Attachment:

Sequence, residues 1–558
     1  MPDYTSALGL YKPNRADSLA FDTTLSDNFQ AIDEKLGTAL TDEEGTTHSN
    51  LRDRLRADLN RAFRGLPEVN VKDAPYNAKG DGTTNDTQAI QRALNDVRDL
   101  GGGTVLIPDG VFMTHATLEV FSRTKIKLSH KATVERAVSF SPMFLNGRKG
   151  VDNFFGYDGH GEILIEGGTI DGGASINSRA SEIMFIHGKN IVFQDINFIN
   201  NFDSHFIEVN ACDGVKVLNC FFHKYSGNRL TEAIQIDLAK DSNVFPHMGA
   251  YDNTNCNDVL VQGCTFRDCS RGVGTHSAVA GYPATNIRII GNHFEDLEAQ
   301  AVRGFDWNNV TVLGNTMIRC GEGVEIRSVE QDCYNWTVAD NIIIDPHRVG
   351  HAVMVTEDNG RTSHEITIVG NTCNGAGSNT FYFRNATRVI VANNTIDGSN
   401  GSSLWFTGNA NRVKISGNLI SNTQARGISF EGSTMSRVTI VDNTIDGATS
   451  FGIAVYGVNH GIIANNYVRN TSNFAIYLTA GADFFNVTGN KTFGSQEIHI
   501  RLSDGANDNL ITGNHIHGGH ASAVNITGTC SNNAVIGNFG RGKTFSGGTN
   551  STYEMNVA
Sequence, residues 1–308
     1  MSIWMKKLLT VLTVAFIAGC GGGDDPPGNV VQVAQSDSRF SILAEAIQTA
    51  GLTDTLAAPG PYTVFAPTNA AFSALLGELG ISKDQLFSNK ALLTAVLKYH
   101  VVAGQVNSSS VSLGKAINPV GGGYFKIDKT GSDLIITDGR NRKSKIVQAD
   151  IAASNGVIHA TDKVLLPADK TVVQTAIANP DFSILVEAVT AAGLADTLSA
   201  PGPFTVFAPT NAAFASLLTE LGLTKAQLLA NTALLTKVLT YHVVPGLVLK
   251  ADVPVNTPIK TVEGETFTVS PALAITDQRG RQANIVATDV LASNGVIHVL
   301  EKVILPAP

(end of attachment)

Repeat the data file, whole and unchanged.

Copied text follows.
Sequence, residues 1–558
     1  MPDYTSALGL YKPNRADSLA FDTTLSDNFQ AIDEKLGTAL TDEEGTTHSN
    51  LRDRLRADLN RAFRGLPEVN VKDAPYNAKG DGTTNDTQAI QRALNDVRDL
   101  GGGTVLIPDG VFMTHATLEV FSRTKIKLSH KATVERAVSF SPMFLNGRKG
   151  VDNFFGYDGH GEILIEGGTI DGGASINSRA SEIMFIHGKN IVFQDINFIN
   201  NFDSHFIEVN ACDGVKVLNC FFHKYSGNRL TEAIQIDLAK DSNVFPHMGA
   251  YDNTNCNDVL VQGCTFRDCS RGVGTHSAVA GYPATNIRII GNHFEDLEAQ
   301  AVRGFDWNNV TVLGNTMIRC GEGVEIRSVE QDCYNWTVAD NIIIDPHRVG
   351  HAVMVTEDNG RTSHEITIVG NTCNGAGSNT FYFRNATRVI VANNTIDGSN
   401  GSSLWFTGNA NRVKISGNLI SNTQARGISF EGSTMSRVTI VDNTIDGATS
   451  FGIAVYGVNH GIIANNYVRN TSNFAIYLTA GADFFNVTGN KTFGSQEIHI
   501  RLSDGANDNL ITGNHIHGGH ASAVNITGTC SNNAVIGNFG RGKTFSGGTN
   551  STYEMNVA
Sequence, residues 1–308
     1  MSIWMKKLLT VLTVAFIAGC GGGDDPPGNV VQVAQSDSRF SILAEAIQTA
    51  GLTDTLAAPG PYTVFAPTNA AFSALLGELG ISKDQLFSNK ALLTAVLKYH
   101  VVAGQVNSSS VSLGKAINPV GGGYFKIDKT GSDLIITDGR NRKSKIVQAD
   151  IAASNGVIHA TDKVLLPADK TVVQTAIANP DFSILVEAVT AAGLADTLSA
   201  PGPFTVFAPT NAAFASLLTE LGLTKAQLLA NTALLTKVLT YHVVPGLVLK
   251  ADVPVNTPIK TVEGETFTVS PALAITDQRG RQANIVATDV LASNGVIHVL
   301  EKVILPAP